is 44.1KHz a sufficient sampling rate?
So there is a question why to downsample anything to 44 kHz when it is likely to get upsampled upon playback...
[blockquote]A. If a low pass filter has been identified with exceptionally good performance as a prefilter for a conversion to 44.1KHz, is it available as a plug-in, or as standalone software? [Or is the digital filter in Audition 3 about as good as it gets?]
B. If capturing analogue audio at 44.1Khz, are analogue pre-filters available that outperform the best digital filters that might be used in a digital to digital downsampling as referred to in question A?[/blockquote]
B. If capturing analogue audio at 44.1Khz, are analogue pre-filters available that outperform the best digital filters that might be used in a downsampling as referred to in question A?
[No one samples at 44.1kHz. They sample at many times this, then filter and downsample digitally - precisely because analogue filters are so pitiful (in this application) compared to digital. All but the worst ADCs and DACs are oversampled.
A. If a low pass filter has been identified with exceptionally good performance as a prefilter for a conversion to 44.1KHz, is it available as a plug-in, or as standalone software? [Or is the digital filter in Audition 3 about as good as it gets?]
This really must be my last post for now!My AVR is a Yamaha HTR-5750. Would its DAC perform ok at 44.1KHz (fed from a pc running Vista) for the purpose of comparing the three files?Alternatively if I burned a CD I could play it on a CD player. Could a CD player be expected to perform sufficently well to compare the three files [e.g. Denon DCM-370]? Presumably I'd dither down to 16 bits.
MLXXX, could to try to ABX the unfiltered file versus the lowpassed ones? The lowpassed ones have a suffix that goes from l1 to l4.
It sounds like you are confusing resampling with oversamling. Soundcards do not resample to 96 kHz, or any other high frequency. Resampling involves recalculating all sample values. DACS oversample, usually by much larger amounts (e.g. 128x to 5.6 MHZ) which means interpolating additional values between the original samples, without changing the original values, shifting the alias images to a very high frequency range.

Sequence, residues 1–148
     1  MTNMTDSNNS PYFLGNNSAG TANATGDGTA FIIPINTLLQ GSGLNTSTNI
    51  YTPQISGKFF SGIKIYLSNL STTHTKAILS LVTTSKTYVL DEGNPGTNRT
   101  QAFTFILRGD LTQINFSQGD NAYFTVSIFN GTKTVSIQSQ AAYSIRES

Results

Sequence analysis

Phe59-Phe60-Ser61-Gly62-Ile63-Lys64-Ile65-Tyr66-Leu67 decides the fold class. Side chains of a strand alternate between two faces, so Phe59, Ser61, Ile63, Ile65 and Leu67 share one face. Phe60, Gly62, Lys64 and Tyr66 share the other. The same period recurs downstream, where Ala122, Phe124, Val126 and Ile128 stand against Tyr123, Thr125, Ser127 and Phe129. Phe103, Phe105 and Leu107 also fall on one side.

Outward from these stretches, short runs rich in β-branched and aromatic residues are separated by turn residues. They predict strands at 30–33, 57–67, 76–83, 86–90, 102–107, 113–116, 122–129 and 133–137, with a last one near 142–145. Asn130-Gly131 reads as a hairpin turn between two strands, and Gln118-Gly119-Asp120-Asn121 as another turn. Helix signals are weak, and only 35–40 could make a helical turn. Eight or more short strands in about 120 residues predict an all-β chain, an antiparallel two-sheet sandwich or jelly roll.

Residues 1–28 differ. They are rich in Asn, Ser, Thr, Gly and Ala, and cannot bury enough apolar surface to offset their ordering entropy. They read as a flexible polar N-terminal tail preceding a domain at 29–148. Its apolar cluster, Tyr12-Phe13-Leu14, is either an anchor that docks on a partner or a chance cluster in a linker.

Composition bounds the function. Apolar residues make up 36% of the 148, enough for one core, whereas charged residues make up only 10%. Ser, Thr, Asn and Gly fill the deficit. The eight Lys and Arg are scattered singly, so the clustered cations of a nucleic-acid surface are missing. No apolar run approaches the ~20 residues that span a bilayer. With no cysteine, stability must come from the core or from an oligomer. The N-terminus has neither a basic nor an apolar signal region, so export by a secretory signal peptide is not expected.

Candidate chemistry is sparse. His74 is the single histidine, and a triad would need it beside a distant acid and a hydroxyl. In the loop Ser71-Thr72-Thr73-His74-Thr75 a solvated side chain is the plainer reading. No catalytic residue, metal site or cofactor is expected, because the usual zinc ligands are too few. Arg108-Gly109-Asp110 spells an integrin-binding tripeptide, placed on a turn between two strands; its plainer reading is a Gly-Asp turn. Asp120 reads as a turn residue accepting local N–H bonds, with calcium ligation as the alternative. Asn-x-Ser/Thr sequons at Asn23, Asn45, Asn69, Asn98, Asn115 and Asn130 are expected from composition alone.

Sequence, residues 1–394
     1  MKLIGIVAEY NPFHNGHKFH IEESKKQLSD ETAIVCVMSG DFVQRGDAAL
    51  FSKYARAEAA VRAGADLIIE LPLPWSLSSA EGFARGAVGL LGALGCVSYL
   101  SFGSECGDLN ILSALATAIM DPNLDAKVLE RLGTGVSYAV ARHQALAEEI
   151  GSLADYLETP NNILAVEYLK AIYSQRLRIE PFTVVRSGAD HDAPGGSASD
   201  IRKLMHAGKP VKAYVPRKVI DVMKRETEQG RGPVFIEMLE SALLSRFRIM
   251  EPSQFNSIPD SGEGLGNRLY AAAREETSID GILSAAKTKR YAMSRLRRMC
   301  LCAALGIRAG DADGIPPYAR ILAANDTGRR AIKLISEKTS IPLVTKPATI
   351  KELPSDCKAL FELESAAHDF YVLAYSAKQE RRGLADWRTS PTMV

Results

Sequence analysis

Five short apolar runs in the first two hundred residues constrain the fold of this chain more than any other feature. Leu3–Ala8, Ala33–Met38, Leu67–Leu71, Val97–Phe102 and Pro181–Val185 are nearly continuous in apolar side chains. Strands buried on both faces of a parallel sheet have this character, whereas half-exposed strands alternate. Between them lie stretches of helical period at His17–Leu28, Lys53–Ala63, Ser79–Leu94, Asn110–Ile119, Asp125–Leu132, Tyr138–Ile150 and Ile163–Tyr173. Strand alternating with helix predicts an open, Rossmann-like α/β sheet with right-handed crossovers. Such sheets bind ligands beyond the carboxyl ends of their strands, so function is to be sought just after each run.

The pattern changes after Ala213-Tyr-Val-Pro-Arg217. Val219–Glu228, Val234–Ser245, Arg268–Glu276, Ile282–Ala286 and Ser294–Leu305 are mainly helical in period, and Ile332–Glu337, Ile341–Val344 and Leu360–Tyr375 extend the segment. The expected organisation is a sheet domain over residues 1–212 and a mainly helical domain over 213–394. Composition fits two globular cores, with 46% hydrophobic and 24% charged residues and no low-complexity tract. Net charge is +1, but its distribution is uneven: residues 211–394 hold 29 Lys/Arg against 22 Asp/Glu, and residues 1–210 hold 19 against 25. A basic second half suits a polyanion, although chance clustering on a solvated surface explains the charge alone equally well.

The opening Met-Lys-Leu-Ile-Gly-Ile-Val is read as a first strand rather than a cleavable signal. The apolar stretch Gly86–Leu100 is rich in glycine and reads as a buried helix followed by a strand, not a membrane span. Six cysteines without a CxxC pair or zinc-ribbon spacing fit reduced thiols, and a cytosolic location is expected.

[You probably cannot provide fair enough conditions for such test.First - you need a high-quality downsampling algorithm (which uses a steep filter with linear phase/constant group delay), are you sure you can get this? If you cannot, do not bother.
Indeed, if I cannot find a high quality downsampling algorithm for converting the 96/24 recording to 44.1Khz, without introducing audible diminishment or artifacts as a result of the digital filtering settings, I cannot proceed further.
MLXXX, I think there is something wrong going on with your audio setup. The first lowpassed sample, triangleMod_2_2496_l1.flac, has been lowpassed just over 45 KHz with a high quality filter (sox filter with a 256 sample window: sox filter 0-46000 256). The files are different only over 45 KHz (they go up to 48 KHz). You can test this by substracting the original and the filtered files.There is also some pre-ringing before the triangle hit due to the filtering, but it is around 40 samples long (0.4 ms) has a frequency over 45 KHz and a level of around -65 dB, not audible by any means.Also, I don't think your speakers or headphones can go that high. So the difference is most likely due to something else. Maybe your card is resampling or it is clipping, or there is some strange kind of intermodulation going on. As for intermodulation, I find strange that filtering such a small frequency range, where there is not any exceptionally high energy, causes an audible intermodulation difference into the audible range.The right channel peaks at -0.47 dB before filtering. After filtering at 45 KHz, it peaks to -0.68 dB. Maybe the first one is clipping and the second one is not, but this is only speculation.
Something very odd happens with this triangle file.
It seems that this triangle sample suffers from an "Intersample Overload". Although the sample values are below maximum, the reconstructed signal is clipping...This could be considered as a non legitimate signal since it might cause clipping in DA and sample-rate converters.I'd like to suggest to reduce the level of the triangle sample by 3 (or even 6) dB and redo the tests.
My Terratec DMX6 fire 24/96 sound card does not resample and I used ASIO and Kernel streaming output modes for bypassing Windows Kernel resampling.For excluding possible software/device problems at certain sample rates I resampled the file to 44.1 and then back to 96 kHz. These two versions sound identical to me (couldn't ABX). For this test I used foobar's SSRC in the Ultra mode.Something very odd happens with this triangle file.